This makes sense. A new study in Kansas shows that patients with Alzheimer's disease still have an adult identity, and despite extreme cases of not knowing where they are or what the year is, they don't enjoy being babied or patronized. The researchers videotaped Alzheimer's patients in three nursing homes:
Researchers then analyzed the tapes, assessing how the manner in which staff interacted with patients influenced patients' behavior and the quality of care. They discovered that when nursing aides communicated in a kind of baby talk for seniors--using a high-pitched sing-song tone, comments like "good girl," diminutives like "honey" and language that assumed a state of dependency ("are we ready for our bath?")--Alzheimer's patients were twice as likely to resist their efforts to help. Patients would turn or look away, grimace, clench their teeth, groan, grab on to something, cry or say "no"--behaviors that can be read as indications of distress at being patronized or infantilized, said lead researcher Kristine Williams, an associate professor at the University of Kansas School of Nursing. "Communication can really impact care," she said.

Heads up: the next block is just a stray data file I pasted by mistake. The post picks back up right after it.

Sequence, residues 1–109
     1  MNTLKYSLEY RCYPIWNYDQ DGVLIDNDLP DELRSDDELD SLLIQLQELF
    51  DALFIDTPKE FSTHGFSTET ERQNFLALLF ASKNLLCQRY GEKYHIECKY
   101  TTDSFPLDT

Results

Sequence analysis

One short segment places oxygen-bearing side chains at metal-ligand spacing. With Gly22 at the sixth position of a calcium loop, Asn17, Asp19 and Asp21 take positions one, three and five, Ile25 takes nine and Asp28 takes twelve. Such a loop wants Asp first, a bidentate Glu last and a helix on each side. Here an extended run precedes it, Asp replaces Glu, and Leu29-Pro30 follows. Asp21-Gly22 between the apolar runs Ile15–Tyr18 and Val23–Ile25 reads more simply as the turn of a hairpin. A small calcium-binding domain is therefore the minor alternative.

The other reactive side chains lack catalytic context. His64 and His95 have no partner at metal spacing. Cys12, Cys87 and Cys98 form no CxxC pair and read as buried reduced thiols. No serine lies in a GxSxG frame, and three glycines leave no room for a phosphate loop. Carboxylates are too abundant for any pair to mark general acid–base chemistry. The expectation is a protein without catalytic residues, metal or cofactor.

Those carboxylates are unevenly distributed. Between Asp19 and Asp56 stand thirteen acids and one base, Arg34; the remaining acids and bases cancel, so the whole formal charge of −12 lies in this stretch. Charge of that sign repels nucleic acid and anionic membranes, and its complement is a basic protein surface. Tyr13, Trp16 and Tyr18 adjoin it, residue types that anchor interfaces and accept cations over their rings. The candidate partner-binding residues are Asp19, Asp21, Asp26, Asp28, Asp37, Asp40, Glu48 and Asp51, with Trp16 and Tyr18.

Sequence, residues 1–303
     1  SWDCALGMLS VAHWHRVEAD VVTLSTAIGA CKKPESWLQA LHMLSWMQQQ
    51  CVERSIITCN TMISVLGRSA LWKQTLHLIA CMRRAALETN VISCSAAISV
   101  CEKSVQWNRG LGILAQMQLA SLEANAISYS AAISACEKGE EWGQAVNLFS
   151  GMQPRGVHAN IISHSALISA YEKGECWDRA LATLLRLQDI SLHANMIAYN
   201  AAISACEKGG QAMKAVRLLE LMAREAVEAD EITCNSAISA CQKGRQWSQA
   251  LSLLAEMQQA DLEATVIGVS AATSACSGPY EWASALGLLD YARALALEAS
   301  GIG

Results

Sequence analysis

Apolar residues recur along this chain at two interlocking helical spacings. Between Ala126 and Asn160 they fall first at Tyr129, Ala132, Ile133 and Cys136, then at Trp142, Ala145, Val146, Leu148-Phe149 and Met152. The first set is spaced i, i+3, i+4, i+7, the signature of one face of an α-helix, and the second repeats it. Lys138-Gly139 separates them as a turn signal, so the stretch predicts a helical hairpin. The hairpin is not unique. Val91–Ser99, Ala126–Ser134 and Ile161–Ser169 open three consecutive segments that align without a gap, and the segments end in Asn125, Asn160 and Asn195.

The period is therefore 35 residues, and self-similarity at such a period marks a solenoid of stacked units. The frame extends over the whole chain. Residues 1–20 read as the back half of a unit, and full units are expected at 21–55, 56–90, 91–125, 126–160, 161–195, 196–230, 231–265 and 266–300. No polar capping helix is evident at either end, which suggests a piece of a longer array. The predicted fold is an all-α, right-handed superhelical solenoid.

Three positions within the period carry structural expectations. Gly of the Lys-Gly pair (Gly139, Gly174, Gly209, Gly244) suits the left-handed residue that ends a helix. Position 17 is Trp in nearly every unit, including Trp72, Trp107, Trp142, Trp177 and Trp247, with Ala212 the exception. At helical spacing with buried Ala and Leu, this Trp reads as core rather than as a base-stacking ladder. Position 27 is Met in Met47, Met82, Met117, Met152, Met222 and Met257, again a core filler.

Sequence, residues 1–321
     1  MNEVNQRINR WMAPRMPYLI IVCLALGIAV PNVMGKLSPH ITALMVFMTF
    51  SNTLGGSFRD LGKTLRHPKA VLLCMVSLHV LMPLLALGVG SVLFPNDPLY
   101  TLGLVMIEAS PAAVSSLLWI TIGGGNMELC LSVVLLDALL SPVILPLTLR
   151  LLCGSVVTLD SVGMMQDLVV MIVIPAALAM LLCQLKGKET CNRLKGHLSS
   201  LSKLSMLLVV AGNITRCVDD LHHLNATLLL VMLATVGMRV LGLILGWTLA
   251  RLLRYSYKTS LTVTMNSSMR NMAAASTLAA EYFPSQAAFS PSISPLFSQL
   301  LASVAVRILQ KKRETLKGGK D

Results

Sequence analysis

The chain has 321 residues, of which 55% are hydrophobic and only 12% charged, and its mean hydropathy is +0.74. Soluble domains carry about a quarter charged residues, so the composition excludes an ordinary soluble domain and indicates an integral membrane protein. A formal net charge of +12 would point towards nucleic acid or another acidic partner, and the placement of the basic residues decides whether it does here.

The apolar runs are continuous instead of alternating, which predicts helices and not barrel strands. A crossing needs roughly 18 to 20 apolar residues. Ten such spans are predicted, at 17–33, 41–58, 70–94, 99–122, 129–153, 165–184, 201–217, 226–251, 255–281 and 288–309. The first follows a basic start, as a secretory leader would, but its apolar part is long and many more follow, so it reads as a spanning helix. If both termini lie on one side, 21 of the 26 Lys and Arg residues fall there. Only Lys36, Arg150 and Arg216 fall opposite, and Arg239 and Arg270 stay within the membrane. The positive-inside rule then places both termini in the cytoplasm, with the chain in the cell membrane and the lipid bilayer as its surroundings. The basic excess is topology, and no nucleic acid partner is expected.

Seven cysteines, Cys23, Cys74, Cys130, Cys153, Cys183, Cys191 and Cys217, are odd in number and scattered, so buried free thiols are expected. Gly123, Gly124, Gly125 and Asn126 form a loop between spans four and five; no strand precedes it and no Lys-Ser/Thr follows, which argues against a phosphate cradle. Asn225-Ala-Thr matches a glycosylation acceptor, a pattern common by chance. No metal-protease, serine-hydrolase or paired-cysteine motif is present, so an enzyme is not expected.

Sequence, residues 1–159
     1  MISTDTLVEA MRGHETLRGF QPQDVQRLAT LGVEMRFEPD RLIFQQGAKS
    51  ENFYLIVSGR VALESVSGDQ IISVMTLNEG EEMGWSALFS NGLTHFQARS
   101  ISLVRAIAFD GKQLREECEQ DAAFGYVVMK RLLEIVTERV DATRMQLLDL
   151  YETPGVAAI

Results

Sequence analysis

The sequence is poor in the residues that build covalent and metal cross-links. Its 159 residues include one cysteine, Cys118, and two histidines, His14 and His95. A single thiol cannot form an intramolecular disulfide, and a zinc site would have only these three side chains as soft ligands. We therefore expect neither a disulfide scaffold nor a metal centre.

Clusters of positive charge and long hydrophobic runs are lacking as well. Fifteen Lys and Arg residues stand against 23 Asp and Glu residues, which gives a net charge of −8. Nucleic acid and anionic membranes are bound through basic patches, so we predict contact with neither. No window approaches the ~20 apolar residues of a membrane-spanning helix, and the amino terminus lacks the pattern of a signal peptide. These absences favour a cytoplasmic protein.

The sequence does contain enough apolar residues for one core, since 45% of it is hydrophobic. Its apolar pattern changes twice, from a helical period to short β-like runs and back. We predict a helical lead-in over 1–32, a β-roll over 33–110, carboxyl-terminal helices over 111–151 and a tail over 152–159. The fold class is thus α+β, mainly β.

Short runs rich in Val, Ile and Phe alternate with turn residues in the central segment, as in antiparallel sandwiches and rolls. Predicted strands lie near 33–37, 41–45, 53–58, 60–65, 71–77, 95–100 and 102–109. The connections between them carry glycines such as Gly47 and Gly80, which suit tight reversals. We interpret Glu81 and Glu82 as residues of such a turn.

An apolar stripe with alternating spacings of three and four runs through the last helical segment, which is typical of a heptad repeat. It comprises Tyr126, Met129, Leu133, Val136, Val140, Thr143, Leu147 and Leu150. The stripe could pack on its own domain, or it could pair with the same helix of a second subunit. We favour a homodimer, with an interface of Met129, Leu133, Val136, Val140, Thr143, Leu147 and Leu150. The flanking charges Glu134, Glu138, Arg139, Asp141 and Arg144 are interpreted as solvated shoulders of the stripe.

They also discuss how in the past, experts thought that Alzheimer's patients should be corrected when making a mistake about the time of year or who they're talking to, the general agreement now is that entering their reality (rather than forcing them into ours) is the more effective way to go, says Dan Kuhn, director of the professional training institute at the Alzheimer Association's Greater Illinois chapter."Don't remind them of their disability. Don't tell them they're wrong. And by all means, don't be condescending or critical."
AARP's Bulletin Today is also running a five part series on Alzheimers as well - there's videos, resources and updated info on treatments.